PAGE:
Marbling #1 – Suminagashi

Since I have begun learning about paper marbling, I wanted to share some methods and materials, especially with an eye towards keeping things as simple and inexpensive as possible. You don’t have to have the finest inks and papers to marble, and there is no need to buy many special supplies to get started.


A very simple and inexpensive way to marble uses just:
– water
– surfactant or “gall”: dish soap mixed with water (try 1 part dish soap to 20 parts water)
– black ink
– three styluses: can be a small brush, thin wooden dowel (or chopstick), unbent paper clip, a cat whisker, etc.
– paper
– a pan, tray, etc.
– cups for ink and for soap+water liquid

This method is based on Japanese marbling, or suminagashi.

Fill the tray with water, and put a little ink in one cup and a little surfactant in the other – a few spoonfuls of each.


Dip a stylus in the ink, and very gently touch it to the water. You are looking for the ink to spread out in a circle; if it falls down through the water, add a few drops of the surfactant to the ink, mix, and try again.

Once you have some ink floating on the water, dip a second stylus in the surfactant, and touch it very carefully to the middle of the ink – it should push the ink away, making an empty space inside the ink.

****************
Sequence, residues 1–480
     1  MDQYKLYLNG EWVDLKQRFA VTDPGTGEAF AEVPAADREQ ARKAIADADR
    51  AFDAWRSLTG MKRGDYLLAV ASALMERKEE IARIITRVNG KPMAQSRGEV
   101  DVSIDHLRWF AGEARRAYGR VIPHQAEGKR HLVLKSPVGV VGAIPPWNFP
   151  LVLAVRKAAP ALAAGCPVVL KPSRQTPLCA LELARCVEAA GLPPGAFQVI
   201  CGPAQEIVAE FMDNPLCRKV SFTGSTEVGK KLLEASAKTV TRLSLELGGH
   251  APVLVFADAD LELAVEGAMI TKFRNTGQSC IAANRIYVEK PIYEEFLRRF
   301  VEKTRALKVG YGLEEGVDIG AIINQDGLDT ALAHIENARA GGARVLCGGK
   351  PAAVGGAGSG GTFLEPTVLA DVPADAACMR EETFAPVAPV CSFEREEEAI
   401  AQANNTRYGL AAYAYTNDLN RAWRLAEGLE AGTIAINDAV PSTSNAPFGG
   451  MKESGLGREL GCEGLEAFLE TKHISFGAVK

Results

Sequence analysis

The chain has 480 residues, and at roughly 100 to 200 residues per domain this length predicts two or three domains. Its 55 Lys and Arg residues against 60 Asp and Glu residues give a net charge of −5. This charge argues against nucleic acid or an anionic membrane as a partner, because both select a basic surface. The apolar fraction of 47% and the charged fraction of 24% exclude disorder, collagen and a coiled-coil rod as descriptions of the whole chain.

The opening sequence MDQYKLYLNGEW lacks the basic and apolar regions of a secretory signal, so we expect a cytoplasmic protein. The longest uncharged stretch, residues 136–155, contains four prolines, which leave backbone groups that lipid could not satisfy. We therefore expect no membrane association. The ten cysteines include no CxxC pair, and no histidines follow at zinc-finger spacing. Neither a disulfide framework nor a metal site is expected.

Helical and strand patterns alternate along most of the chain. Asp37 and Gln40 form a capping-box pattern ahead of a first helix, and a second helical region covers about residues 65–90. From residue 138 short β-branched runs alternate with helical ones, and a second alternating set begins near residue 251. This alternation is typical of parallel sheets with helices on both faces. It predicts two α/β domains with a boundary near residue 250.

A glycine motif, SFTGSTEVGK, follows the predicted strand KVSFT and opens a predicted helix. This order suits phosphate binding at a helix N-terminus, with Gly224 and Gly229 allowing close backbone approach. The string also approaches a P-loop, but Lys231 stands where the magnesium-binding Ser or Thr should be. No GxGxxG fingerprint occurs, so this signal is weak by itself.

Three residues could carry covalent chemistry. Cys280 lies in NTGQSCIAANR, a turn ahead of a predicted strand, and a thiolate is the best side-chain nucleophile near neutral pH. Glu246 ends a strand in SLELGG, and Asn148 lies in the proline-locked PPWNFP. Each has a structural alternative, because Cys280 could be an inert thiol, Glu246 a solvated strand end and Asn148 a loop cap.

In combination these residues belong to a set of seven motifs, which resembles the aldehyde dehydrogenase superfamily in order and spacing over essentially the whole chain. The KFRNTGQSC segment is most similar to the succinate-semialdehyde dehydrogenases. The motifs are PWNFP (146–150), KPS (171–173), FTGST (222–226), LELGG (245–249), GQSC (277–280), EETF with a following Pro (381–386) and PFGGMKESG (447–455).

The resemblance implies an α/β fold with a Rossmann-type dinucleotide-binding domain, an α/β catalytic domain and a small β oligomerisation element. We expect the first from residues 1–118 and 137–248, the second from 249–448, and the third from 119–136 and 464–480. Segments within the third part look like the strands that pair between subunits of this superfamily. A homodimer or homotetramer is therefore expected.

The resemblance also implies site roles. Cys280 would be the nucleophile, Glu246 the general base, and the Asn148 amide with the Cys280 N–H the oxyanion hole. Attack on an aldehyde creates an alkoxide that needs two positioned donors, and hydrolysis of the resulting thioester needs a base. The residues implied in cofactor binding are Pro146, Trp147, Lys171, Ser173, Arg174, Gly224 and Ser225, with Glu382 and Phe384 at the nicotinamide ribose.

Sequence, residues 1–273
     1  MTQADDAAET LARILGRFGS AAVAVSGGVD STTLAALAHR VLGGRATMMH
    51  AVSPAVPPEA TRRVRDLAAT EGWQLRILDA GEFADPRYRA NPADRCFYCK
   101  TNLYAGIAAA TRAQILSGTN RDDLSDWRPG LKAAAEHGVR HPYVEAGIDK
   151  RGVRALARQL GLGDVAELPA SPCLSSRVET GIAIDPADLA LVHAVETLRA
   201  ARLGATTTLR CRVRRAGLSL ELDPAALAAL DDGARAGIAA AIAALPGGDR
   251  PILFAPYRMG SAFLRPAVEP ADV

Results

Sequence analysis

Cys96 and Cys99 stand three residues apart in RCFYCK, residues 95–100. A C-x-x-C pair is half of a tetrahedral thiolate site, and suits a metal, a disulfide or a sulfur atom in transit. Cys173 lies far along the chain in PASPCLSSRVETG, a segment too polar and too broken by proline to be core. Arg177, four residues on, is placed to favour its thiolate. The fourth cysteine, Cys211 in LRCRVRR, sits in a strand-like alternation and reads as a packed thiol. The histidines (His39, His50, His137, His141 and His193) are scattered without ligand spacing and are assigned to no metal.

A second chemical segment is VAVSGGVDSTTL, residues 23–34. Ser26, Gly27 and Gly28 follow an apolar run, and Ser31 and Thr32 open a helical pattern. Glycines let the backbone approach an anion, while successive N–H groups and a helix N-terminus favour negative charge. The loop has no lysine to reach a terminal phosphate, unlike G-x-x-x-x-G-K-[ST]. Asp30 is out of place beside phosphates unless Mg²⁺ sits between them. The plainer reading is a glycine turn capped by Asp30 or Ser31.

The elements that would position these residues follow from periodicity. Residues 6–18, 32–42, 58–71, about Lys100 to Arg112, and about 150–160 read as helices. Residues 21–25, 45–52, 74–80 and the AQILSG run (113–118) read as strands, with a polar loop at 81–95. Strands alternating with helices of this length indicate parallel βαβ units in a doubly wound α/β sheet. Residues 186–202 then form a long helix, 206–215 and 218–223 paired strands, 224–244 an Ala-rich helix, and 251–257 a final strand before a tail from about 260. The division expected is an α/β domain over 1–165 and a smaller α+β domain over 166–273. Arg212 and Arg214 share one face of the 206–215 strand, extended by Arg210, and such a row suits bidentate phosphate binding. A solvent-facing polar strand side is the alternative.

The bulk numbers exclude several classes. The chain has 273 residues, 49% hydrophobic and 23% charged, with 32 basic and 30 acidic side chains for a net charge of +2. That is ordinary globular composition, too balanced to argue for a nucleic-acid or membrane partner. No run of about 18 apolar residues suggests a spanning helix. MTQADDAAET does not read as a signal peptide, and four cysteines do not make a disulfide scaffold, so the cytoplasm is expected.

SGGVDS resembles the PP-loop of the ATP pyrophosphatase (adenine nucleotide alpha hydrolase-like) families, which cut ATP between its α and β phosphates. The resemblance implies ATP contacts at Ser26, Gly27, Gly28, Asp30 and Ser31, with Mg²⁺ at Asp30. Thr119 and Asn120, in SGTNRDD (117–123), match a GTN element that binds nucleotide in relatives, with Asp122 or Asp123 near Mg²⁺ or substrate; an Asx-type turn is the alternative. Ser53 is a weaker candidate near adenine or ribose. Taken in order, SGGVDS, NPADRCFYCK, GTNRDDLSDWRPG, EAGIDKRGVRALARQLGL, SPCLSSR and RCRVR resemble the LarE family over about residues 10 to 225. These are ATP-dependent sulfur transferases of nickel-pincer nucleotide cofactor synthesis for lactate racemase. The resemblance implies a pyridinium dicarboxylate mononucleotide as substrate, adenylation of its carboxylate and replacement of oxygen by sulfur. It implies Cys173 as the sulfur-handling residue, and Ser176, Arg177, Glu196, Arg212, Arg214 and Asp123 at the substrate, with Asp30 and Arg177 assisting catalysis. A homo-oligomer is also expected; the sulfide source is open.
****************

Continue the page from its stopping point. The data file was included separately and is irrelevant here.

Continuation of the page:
You can make patterns by continuing to drop ink and surfactant into the water, and by carefully pulling your third stylus along the water surface, you can draw patterns with the ink floating there.


Here is a short video showing suminagashi:

Suminagashi troubleshooting – how to solve common problems:

Troubleshooting Tips for Suminagashi Paper Marbling

Suminagashi how-tos and other info:

These minimal ingredients – ordinary ink and paper – may make for ghostly prints as the ink may not float perfectly and the paper may not hold the ink too well.  You can see some variation in these examples, which use a few different kinds of black ink.


To make it easier for ink to float, you can use a carageenan-and-water mixture for the liquid in the pan. To get ink to adhere better, you can sponge an alum-and-water mixture onto the paper you want to marble on first.

You can try different kinds of ink, and different kinds of paper, and see what works best. Traditionally, suminagashi used ordinary water, but carageenan can be used too.

If you use carageenan and alum, you can try Turkish/ebru marbling, the kind famously used for endpapers in books, or on book covers.


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